Gordon Brown: Said to be no chance of him standing down
Prime Minister Gordon Brown's allies have gone on the offensive about his future after recent resignations.
Sources say there is "no chance" of him standing down and say opponents are trying to create "chaos" within the party in order to force him to go.
They are stressing the hurdles any attempt to force Mr Brown out faces.
It appears to be aimed at deterring MPs from adding their names to a draft letter due to be circulated on Friday calling on Mr Brown to resign.
About 70 Labour MPs would be required to nominate a specific alternative candidate to trigger a leadership contest.
Pressure has been mounting on Mr Brown after Communities Secretary Hazel Blears resigned on Wednesday, the day after Home Secretary Jacqui Smith said she was leaving the cabinet.
On Wednesday evening Business Secretary Lord Mandelson publicly urged Labour MPs not to sign the letter calling on Mr Brown to resign as prime minister.
Lord Mandelson acknowledged that MPs were in a "grumbly mood" but said forcing out the prime minister would not make things any easier for Labour.
The BBC has seen a proposed letter to Gordon Brown from one Labour MP calling on the prime minister to resign.
It says Mr Brown has made "an enormous contribution" but adds: "We believe that in the current political situation you can best serve the Labour Party and the country by stepping down as party leader and prime minister."
The BBC understands Mr Brown's critics intend to send out some kind of "round robin" letter or e-mail to MPs, possibly on Friday, to test whether there is an appetite for a challenge to his leadership.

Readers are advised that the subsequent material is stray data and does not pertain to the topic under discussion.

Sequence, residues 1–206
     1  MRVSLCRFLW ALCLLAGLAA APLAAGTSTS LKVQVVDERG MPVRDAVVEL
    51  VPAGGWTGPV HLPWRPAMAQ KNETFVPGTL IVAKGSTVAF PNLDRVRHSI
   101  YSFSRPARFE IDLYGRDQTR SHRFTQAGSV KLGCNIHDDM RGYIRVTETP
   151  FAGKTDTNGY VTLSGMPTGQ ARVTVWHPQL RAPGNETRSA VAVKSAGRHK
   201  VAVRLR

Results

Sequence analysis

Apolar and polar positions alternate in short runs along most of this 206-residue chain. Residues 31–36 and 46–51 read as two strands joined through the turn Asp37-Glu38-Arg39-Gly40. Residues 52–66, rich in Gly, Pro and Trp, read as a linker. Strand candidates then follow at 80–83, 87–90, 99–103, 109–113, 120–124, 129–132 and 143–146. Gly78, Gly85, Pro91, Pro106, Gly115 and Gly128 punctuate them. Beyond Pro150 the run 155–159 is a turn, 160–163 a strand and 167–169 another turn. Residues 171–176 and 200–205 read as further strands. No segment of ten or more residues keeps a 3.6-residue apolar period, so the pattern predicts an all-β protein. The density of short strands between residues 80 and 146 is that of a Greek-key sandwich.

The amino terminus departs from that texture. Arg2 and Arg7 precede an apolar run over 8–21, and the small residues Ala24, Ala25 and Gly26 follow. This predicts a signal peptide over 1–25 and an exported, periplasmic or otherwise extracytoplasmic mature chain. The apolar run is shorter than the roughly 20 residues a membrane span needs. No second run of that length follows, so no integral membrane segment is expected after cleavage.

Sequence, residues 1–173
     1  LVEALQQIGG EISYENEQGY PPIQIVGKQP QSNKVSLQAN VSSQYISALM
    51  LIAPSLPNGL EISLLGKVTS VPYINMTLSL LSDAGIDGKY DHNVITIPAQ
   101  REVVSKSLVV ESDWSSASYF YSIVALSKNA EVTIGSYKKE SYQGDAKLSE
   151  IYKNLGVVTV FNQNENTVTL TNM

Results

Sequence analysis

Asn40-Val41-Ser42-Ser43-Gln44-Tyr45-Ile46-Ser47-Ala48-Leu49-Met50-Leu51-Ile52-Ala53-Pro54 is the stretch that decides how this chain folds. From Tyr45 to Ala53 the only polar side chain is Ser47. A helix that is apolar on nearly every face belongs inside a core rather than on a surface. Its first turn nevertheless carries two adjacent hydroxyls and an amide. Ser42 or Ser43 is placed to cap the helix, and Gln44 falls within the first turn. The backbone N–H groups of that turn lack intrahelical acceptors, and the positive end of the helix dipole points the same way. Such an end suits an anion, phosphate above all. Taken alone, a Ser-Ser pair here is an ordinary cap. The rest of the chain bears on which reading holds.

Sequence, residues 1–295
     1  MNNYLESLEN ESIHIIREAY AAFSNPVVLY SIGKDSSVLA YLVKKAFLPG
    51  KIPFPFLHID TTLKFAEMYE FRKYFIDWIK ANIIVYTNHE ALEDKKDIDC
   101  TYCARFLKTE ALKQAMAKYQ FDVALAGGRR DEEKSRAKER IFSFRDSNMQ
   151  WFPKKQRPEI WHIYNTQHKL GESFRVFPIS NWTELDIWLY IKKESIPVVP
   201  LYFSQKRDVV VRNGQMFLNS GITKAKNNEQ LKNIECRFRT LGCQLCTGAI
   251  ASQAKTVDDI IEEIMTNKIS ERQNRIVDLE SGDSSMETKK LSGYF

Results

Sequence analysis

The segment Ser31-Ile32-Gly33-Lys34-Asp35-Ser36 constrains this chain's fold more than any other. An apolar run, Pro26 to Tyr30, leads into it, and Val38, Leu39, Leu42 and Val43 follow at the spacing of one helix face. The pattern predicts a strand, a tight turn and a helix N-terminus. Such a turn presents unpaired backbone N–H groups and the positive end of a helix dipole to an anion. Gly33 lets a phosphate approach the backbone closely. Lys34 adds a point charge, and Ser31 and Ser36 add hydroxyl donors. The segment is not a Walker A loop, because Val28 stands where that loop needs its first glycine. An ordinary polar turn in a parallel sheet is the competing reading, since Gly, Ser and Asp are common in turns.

On Wednesday Health Secretary Alan Johnson was forced to deny he was ready to take over as party leader.
Asked about Gordon Brown's position Mr Johnson told the BBC: "He is doing the job and there is absolutely no one who could do that job better."
Cabinet ministers Hilary Benn and Andy Burnham have also rallied round the prime minister and attempted to calm speculation he will be forced to quit.
Attempts to gain enough support for someone to stand against Mr Brown for the Labour leadership have failed twice before - when he succeeded Tony Blair in 2007 and last summer.
The talk of a leadership challenge comes amid continued speculation about Mr Brown's planned reshuffle.
The BBC understands Mr Brown met John Reid on Tuesday, but the former home secretary is thought to have turned down the offer of a return to government, although No 10 sources say they talked mainly about football.
And a friend of Chancellor Alistair Darling has told the BBC that he would not accept any other job.
There are signs, too, that David Miliband may refuse to move from the Foreign Office.
Ms Blears had been tipped for the axe in the expected reshuffle. She had been under fire over her expenses claims despite repaying £13,000, following allegations she avoided paying capital gains tax on a property sale.
The Salford MP denied doing anything wrong, as did Ms Smith who resigned after facing revelations about her expenses claims.
In total, four ministers have said they will step down at the reshuffle. The other two are children's minister Beverley Hughes and Cabinet Office minister Tom Watson.